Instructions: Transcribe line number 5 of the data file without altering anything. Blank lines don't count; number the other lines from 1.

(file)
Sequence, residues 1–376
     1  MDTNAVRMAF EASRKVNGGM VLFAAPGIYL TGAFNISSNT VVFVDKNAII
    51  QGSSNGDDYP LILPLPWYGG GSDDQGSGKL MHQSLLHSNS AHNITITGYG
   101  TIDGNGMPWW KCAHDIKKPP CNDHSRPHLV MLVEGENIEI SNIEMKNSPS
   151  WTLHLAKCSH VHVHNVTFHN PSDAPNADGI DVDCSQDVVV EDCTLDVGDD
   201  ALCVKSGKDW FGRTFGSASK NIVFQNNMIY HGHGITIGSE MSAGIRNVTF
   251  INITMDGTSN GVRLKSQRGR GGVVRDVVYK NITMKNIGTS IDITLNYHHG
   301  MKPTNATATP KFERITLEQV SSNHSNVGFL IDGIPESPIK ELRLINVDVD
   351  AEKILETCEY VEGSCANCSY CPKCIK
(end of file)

   151  WTLHLAKCSH VHVHNVTFHN PSDAPNADGI DVDCSQDVVV EDCTLDVGDD